The big build-up for the Supreme Court decision on Obamacare turned out to be a big dud (from the stock market perspective, that is). The decision came, the market reacted for most of the day and, then, at 3:30 some new rumors concerning the European meeting this weekend surfaced and the market did a 180° turn and wound up the day nearly flat. So the Talking Head’s discussions about how a court decision would bring certainty to corporate CEOs and finally encourage them to start hiring turned into a discussion about how it’s really uncertainty concerning the financial cliff, uncertainty about the future of the Euro, lack of transparency about the business prospects for the remainder of the year, yada, yada, yada. I can’t hope to try to sort all that out and don’t want to pretend, like they do, that I do have it all figured out. All I hope to be able to do is to try to remain nimble enough to perceive in which direction the majority seem to be leaning and, when the a trigger is pulled to launch some directional momentum, to climb on board for the ride.
For the past couple of days, one of the recurring themes seems to be that money is flowing into dividend and defensive stocks and out of tech and other growth areas due to what some have now discovered to be the leading edge of a world-wide recession, close to a world-wide depression. I notice that the tech stocks in my portfolio, the stocks that had accounted for much of my Portfolio’s gains during the first half now seem to be lagging so,of course, the Talking Heads no say that tech does and will continue to suffer from the “world-wide recession”. So I decided to step back and take a longer-term comparison of the Nasdaq Composite relative to the S&P 500 (click on image to enlarge):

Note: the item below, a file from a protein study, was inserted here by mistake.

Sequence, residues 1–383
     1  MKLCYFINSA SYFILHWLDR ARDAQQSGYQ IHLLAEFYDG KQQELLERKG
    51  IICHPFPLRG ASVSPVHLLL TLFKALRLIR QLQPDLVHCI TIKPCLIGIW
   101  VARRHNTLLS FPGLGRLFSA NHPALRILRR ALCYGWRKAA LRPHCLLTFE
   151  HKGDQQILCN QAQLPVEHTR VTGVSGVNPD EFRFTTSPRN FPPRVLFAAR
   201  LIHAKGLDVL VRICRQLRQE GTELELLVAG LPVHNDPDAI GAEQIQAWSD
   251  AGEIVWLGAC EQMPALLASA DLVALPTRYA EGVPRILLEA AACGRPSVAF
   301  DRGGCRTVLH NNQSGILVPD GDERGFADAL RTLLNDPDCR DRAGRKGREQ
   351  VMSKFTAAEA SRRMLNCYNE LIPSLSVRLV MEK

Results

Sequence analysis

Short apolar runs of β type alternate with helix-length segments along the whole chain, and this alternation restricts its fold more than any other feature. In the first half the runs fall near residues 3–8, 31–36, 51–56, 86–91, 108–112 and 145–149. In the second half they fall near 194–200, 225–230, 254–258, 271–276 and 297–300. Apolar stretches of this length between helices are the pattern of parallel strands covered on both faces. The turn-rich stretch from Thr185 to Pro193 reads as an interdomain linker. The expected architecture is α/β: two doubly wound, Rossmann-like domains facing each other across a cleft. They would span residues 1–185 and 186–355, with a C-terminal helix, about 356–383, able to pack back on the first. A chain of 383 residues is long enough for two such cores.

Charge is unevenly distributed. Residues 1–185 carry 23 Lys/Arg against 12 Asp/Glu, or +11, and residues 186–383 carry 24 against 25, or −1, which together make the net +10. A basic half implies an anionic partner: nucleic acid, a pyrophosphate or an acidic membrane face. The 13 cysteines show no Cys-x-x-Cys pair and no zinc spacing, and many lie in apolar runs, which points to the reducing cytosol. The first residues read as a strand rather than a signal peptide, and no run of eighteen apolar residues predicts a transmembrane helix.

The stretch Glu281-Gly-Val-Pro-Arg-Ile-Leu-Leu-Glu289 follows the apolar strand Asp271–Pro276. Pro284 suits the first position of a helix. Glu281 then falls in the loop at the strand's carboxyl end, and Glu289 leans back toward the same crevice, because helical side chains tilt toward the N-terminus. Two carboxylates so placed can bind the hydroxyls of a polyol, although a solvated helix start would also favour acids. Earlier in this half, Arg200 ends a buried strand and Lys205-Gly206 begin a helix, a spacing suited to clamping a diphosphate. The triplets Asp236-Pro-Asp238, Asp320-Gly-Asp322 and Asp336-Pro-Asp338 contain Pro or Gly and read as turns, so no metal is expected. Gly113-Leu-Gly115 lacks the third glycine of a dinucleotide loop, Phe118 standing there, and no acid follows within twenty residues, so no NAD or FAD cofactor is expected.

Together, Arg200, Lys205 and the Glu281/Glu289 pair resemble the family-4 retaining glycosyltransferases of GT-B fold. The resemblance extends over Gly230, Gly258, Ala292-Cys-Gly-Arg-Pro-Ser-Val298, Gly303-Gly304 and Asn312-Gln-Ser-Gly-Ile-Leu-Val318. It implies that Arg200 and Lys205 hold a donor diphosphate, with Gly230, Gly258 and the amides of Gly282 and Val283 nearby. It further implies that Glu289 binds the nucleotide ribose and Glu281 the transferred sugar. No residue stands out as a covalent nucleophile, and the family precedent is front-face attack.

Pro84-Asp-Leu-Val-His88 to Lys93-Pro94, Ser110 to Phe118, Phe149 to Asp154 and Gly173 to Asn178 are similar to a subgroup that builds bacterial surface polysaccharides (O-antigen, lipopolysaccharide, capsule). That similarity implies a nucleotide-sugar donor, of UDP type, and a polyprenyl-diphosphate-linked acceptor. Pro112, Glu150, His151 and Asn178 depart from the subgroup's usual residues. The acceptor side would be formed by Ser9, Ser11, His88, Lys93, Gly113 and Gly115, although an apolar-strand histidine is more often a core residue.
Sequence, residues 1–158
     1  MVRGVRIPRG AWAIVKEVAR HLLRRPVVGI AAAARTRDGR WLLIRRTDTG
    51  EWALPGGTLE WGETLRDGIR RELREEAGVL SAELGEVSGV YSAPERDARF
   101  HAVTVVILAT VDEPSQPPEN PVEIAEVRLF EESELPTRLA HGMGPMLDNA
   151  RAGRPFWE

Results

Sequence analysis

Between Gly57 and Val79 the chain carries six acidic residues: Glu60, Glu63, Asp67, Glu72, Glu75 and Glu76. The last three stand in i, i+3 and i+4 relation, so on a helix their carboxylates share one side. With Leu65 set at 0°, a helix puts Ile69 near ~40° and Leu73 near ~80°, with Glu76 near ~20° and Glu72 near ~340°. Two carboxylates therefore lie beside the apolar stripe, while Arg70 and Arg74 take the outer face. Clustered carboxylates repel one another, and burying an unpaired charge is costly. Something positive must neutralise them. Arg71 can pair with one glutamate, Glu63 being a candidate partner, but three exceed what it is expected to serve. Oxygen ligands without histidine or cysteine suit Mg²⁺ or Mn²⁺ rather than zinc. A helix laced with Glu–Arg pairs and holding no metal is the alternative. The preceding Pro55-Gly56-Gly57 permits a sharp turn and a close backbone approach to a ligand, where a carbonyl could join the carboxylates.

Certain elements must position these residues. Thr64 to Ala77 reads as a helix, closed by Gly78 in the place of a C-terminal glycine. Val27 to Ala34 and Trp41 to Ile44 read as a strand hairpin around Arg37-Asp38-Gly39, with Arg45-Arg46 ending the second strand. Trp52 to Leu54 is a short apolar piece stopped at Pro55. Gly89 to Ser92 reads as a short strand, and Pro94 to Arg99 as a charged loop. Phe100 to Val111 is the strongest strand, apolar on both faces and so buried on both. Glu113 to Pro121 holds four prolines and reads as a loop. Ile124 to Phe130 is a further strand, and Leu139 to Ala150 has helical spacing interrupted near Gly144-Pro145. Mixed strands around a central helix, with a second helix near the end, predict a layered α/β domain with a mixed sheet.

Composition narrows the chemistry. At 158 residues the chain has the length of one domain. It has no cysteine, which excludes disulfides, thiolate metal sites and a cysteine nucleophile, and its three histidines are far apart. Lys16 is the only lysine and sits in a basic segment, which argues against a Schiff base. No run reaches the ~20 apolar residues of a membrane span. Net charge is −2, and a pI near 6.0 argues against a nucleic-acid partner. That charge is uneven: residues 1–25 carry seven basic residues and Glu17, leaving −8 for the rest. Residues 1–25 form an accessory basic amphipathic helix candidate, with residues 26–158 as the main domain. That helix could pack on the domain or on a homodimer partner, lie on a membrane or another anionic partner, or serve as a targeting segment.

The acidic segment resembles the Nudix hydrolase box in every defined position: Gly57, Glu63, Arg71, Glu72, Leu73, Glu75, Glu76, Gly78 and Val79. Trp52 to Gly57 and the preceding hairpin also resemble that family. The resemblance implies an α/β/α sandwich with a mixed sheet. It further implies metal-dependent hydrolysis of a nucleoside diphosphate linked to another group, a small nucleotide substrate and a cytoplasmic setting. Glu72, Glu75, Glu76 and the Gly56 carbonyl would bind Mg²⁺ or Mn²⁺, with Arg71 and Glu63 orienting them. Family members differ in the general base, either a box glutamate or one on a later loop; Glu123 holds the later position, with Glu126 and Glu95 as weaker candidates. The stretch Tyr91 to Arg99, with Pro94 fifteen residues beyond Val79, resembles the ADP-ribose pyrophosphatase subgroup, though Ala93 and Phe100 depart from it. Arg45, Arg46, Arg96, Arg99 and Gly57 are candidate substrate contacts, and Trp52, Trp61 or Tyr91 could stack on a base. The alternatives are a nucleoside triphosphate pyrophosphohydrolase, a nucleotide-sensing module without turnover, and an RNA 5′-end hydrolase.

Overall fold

True, the Nasdaq composite has diverged from the S&P 500 at different times but, over a nearly four year comparison, the similarity of the two indexes has been incredibly close. If anything, the Nasdaq has been slightly more volatile of the two as to be expected.
This comparison drives home the truth of Benjamin King postulated in 1966, a principal that has been a core of my portfolio management philosophy for many years:
“50% of a stock’s price movement can be attributed to the overall movement in the market, 30% to the movement in its sector and only 20% on its own.”
Should I follow the Talking Heads and move money from tech stocks to more defensive stocks? Probably not because if the market continues to correct tech stocks will too but if the market finally successfully crosses above the 1360-1365 zone of resistance then Nasdaq stocks will zoom higher.